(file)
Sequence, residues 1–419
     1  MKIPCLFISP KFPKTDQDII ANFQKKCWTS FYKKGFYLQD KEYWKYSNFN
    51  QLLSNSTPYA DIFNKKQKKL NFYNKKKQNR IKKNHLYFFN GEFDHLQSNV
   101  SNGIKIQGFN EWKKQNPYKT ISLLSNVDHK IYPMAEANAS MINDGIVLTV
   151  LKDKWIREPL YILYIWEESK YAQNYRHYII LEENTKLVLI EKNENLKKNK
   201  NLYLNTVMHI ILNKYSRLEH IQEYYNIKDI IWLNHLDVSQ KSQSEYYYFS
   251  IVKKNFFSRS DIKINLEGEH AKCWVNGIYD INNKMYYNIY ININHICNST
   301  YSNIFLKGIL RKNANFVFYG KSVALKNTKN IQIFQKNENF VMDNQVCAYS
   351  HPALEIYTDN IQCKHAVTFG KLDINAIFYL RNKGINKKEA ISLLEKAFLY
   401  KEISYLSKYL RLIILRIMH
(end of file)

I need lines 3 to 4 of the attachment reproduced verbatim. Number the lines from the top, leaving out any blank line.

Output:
    51  QLLSNSTPYA DIFNKKQKKL NFYNKKKQNR IKKNHLYFFN GEFDHLQSNV
   101  SNGIKIQGFN EWKKQNPYKT ISLLSNVDHK IYPMAEANAS MINDGIVLTV